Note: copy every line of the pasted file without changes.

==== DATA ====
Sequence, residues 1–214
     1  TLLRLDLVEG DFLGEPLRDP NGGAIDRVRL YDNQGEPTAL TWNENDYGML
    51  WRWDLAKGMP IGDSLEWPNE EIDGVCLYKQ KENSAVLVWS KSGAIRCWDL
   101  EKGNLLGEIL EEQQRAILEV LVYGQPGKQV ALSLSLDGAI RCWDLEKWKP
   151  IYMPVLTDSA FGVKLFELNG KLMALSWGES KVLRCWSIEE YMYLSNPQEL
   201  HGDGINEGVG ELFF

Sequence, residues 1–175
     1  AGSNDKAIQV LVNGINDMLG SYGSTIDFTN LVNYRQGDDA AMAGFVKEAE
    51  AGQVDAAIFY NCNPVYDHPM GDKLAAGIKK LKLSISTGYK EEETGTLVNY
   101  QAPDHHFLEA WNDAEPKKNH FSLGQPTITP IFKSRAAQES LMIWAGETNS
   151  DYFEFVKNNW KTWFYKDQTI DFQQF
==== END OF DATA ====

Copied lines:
Sequence, residues 1–214
     1  TLLRLDLVEG DFLGEPLRDP NGGAIDRVRL YDNQGEPTAL TWNENDYGML
    51  WRWDLAKGMP IGDSLEWPNE EIDGVCLYKQ KENSAVLVWS KSGAIRCWDL
   101  EKGNLLGEIL EEQQRAILEV LVYGQPGKQV ALSLSLDGAI RCWDLEKWKP
   151  IYMPVLTDSA FGVKLFELNG KLMALSWGES KVLRCWSIEE YMYLSNPQEL
   201  HGDGINEGVG ELFF

Sequence, residues 1–175
     1  AGSNDKAIQV LVNGINDMLG SYGSTIDFTN LVNYRQGDDA AMAGFVKEAE
    51  AGQVDAAIFY NCNPVYDHPM GDKLAAGIKK LKLSISTGYK EEETGTLVNY
   101  QAPDHHFLEA WNDAEPKKNH FSLGQPTITP IFKSRAAQES LMIWAGETNS
   151  DYFEFVKNNW KTWFYKDQTI DFQQF